Transcendentalist Studies: Aimard, Hamelin, Mayer, Mead Tackle Ives’ Concord Sonata

Grant Chu Covell

[November 2004.]

“These prefatory essays were written by the composer for those who can’t stand his music — and the music for those who can’t stand his essays; to those who can’t stand either, the whole is respectfully dedicated.”
— Charles Ives, Essays before a Sonata (1920)

Concord, Massachusetts lies but a few miles from where I live and work. Removed from Greater Boston’s sprawl, Concord offers a fine balance of town and country — if you can afford it. Years ago I visited the Alcott and Emerson House museums. I parked at the side of the road, paid the admission, and scrutinized furniture and wall plaques (away from home, a sport we New Englanders also play). If you plan to come by, do it in the off-season. The town is a lot less charming when busloads of tourists disgorge. But you’ll still have to watch out for soccer-moms’ SUVs.

Made famous by Thoreau, Walden Pond is a revered swimming hole, celebrated today for its crowds and the speed at which park rangers close the filled-to-capacity parking lot. You can hike ’round the pond to see the location of Thoreau’s humble shack — and pick up an empty soda can or cigarette butt to take home as a souvenir. Few know that Thoreau, heir to a successful pencil-making business, built his retreat in plain view of a thoroughfare, romanticizing his back-to-nature posture from its inception.

Charles Ives’ take on the Transcendentalists and their town is more idealistic — but don’t take a jaded Eastern Mass. resident’s word for it:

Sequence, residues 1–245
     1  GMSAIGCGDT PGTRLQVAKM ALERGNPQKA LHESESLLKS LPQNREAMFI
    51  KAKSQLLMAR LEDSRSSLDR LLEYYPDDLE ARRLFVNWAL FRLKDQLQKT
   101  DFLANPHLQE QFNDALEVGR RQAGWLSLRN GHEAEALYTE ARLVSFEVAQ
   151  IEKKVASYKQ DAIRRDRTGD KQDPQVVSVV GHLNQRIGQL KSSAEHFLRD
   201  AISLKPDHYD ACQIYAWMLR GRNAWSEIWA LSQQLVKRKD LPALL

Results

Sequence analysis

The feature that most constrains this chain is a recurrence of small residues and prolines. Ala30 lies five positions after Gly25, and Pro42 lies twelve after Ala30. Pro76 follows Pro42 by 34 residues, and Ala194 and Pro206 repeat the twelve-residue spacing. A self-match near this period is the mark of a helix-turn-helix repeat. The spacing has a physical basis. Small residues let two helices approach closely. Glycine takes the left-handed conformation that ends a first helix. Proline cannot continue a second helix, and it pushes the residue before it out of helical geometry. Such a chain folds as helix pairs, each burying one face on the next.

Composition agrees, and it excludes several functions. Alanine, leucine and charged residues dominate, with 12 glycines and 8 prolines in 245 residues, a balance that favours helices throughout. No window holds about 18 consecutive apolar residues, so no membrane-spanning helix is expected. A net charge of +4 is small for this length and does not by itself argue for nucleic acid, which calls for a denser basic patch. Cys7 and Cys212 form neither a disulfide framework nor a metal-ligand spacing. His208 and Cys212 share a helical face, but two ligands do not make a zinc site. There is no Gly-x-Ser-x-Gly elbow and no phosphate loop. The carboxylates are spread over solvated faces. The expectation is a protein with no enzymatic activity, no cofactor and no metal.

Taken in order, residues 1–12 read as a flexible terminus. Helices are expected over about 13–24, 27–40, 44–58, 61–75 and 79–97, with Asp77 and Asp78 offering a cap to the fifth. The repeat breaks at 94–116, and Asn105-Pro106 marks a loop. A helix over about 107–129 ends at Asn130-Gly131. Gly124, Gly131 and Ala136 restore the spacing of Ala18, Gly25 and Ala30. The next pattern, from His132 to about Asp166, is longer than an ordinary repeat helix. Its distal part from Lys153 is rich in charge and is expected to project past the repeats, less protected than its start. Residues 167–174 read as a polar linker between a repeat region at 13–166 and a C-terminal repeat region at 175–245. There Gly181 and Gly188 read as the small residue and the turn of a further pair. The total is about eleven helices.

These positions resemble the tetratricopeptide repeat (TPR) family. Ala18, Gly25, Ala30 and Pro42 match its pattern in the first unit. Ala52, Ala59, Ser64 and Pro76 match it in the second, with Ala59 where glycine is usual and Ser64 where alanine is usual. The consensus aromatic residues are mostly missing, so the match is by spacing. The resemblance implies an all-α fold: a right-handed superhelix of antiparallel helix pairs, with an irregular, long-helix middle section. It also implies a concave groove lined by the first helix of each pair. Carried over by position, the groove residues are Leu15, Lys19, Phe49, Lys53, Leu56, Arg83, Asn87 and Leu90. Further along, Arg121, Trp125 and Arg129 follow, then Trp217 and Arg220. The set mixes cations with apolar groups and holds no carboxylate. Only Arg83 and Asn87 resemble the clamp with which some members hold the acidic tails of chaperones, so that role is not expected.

“… under the Concord sky, there still floats the influence of that human faith melody, transcendent and sentimental enough for the enthusiast or the cynic respectively, reflecting an innate hope — a common interest in common things and common men — a tune the Concord bards are ever playing, while they pound away at the immensities with a Beethovenlike sublimity, and with hublot big bang replica watches, may we say, a vehemence and perseverance — for that part of greatness is not so difficult to emulate.” (Essays before a Sonata)

Ives’ Essays are long and labored. This is where the composer proclaimed, among other things, “My God! What has sound got to do with music!” Ives’ Transcendentalist perspective was quirky. He adopted only those tenets and characteristics which suited him. The music never was easy, nor is it now. Prompted by the 50th anniversary of Ives’ death, a bumper crop of his most ambitious piano work is upon us.

Ives studies have become serious business. Research and analyses replace the mid-20th-century’s raves. We now take into account Ives’ 19th-century Germanic roots. Ives did indeed foreshadow simultaneous rhythms, polytonality, microtonality and other contemporary trends, but he also stood shoulder to shoulder with Chadwick and Paine and doesn’t look all that out of place next to Brahms and Dvorak. Analyses of paper and drafts put the sonata’s creation at 1915-19, not 1911-15 as previously thought. Ives distilled the sonata from older, incomplete works, including large-scale compositions inspired by Emerson, Hawthorne and the Alcott family. (A reconstructed Emerson Concerto is on Naxos 8.559175.)